By Joseph Ax and Tim Reid
(Reuters) – Former Vice President Mike Pence and former New Jersey Governor Chris Christie are planning to enter the race for the 2024 Republican presidential nomination next week in long-shot challenges to the dominance of front-runner Donald Trump.
Christie, who advised Trump’s campaign in 2016 only to become a vocal critic of the former president, will formally announce his 2024 campaign on June 6, a person familiar with the matter said.
Pence, who incurred Trump’s wrath by refusing to support his effort to overturn the results of the 2020 election, is set to enter the race against his former boss on June 7, three sources familiar with the situation told Reuters.
North Dakota Governor Doug Burgum is also planning to enter race on the same day as Pence, according to a person familiar with Burgum’s plans.
The growing Republican field concerns many Trump opponents inside the Republican Party. They fear a large number of challengers will splinter the anti-Trump vote and hand the party’s nomination to the former president, who can rely on at least 30% of the Republican base to back him.
Trump has a massive polling lead in a Republican field that now has more than 10 declared or almost-declared candidates. His nearest challenger is Florida Governor Ron DeSantis, who entered the race last week.
On Wednesday, Pence’s polling average in the Republican field was less than 4%, compared to Trump’s 53%, according to a RealClearPolitics average of polls. Christie to date has barely registered in the polls.
Pence will launch his campaign with a video and a speech in the early nominating state of Iowa, the sources said.
A staunch social conservative who stood by Trump throughout his time in his office, Pence has increasingly distanced himself from the former Republican president since his election defeat, saying Trump’s encouragement of the rioters who attacked the U.S. Capitol on Jan. 6, 2021, put him and his family in danger.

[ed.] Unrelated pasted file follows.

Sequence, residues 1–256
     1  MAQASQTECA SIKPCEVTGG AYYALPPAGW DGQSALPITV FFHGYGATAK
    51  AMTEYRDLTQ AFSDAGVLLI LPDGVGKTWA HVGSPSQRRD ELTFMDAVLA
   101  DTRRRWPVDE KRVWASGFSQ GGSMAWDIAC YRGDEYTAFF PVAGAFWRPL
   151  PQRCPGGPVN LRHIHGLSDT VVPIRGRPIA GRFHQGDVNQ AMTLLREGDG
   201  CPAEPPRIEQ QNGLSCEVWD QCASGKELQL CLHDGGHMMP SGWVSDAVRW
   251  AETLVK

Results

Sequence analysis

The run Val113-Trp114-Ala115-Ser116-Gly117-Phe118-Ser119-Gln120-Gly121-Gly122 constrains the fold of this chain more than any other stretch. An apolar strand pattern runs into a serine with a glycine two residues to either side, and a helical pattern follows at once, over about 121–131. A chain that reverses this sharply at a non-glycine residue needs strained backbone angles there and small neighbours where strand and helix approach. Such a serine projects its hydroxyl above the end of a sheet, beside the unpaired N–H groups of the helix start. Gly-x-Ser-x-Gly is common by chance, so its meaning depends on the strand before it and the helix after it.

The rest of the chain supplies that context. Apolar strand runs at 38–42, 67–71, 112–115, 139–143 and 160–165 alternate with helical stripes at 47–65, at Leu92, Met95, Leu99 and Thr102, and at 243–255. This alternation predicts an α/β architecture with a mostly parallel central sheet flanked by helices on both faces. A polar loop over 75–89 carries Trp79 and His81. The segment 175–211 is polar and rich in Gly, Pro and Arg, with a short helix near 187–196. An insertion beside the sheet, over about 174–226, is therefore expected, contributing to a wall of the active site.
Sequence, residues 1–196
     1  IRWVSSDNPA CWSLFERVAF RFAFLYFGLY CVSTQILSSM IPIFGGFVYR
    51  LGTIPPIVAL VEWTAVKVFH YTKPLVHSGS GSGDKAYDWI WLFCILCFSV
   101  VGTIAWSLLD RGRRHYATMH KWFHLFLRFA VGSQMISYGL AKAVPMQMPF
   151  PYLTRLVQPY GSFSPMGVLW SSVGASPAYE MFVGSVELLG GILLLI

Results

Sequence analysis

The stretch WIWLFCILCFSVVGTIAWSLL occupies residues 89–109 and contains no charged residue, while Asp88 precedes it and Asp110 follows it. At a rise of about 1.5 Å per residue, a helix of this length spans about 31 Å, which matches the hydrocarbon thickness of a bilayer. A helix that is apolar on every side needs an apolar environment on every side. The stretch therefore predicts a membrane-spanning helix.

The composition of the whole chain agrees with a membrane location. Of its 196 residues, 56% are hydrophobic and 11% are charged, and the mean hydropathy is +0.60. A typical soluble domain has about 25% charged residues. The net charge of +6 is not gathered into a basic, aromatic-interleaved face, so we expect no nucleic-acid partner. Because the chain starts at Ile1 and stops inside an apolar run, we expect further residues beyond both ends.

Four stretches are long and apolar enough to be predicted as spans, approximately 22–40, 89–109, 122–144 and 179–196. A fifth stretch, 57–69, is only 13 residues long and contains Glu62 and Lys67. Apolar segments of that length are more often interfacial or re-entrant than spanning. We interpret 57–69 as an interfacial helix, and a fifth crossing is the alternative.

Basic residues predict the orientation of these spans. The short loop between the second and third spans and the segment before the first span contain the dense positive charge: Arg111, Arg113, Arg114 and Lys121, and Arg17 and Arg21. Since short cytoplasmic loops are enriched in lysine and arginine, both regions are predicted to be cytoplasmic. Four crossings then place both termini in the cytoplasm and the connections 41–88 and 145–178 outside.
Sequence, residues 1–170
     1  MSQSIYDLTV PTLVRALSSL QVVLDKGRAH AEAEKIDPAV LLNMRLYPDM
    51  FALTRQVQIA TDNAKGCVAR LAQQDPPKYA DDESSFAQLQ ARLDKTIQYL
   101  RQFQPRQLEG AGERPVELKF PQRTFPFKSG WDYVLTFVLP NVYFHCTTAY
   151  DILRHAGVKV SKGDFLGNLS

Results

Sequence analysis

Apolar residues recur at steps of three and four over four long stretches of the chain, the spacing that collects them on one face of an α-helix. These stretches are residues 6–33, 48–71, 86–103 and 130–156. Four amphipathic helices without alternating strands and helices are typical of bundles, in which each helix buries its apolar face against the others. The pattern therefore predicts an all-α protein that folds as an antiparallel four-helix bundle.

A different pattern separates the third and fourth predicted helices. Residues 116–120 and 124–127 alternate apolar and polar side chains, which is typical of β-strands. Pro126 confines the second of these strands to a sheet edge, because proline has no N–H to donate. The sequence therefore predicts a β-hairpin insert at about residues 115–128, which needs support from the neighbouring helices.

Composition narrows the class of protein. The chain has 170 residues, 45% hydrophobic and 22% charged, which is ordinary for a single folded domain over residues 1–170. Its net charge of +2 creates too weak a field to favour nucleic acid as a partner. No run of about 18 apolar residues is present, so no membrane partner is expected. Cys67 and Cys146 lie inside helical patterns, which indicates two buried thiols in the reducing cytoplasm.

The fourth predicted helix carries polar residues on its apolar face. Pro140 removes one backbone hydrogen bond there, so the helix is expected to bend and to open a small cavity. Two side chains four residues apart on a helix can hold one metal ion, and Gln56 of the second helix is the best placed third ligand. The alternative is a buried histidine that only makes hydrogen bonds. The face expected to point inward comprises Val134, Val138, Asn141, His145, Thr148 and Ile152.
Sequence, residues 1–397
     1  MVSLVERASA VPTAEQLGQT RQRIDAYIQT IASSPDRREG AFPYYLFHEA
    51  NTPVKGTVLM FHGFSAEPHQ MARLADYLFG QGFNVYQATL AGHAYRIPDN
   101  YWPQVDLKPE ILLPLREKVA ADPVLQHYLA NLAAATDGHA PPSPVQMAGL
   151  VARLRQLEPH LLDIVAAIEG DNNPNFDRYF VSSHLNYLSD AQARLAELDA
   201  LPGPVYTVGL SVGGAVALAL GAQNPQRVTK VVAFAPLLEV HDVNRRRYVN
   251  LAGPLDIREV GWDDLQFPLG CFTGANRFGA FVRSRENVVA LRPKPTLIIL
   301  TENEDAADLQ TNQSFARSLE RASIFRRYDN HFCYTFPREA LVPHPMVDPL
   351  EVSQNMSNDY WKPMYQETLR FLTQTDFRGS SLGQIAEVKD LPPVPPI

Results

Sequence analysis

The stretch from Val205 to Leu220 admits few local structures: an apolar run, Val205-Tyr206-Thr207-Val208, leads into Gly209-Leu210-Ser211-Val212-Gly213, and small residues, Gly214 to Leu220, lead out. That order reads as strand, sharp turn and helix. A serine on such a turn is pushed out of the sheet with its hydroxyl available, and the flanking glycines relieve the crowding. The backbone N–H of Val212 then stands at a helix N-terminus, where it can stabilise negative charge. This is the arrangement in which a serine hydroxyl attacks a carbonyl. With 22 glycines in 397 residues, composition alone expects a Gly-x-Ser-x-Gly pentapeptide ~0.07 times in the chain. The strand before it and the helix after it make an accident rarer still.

Pence, who turns 64 on June 7, has continued to embrace many of Trump’s policies, while portraying himself as an even-keeled and consensus-oriented alternative. He has also appealed more directly to the evangelical Christian community.
The success of his campaign will hinge on whether he can attract enough backers of Trump’s policies who are turned off by the former president’s rhetoric and behavior to build a viable coalition.
Christie, 60, enters the race as a decided underdog, six years after his 2016 presidential campaign failed to gain traction amid a crowded field that included Trump. Only 1% of Republicans said he would be their preferred 2024 nominee in a Reuters/Ipsos poll conducted May 9-15.
Christie will officially launch his campaign at a town hall at Saint Anselm College in the early nominating state of New Hampshire on Tuesday, the person familiar with the matter said.
Other Republicans who have entered the race include U.S. Senator Tim Scott and former South Carolina Governor Nikki Haley.
(This story has been corrected to remove extraneous word ‘Donald’ in paragraph 3, fix the number of Republican hopefuls to ‘more than 10’ in paragraph 6 and change the date of latest polling to Wednesday in paragraph 7)
(Reporting by Steve Holland, Joseph Ax and Tim Reid; Editing by Daniel Wallis)
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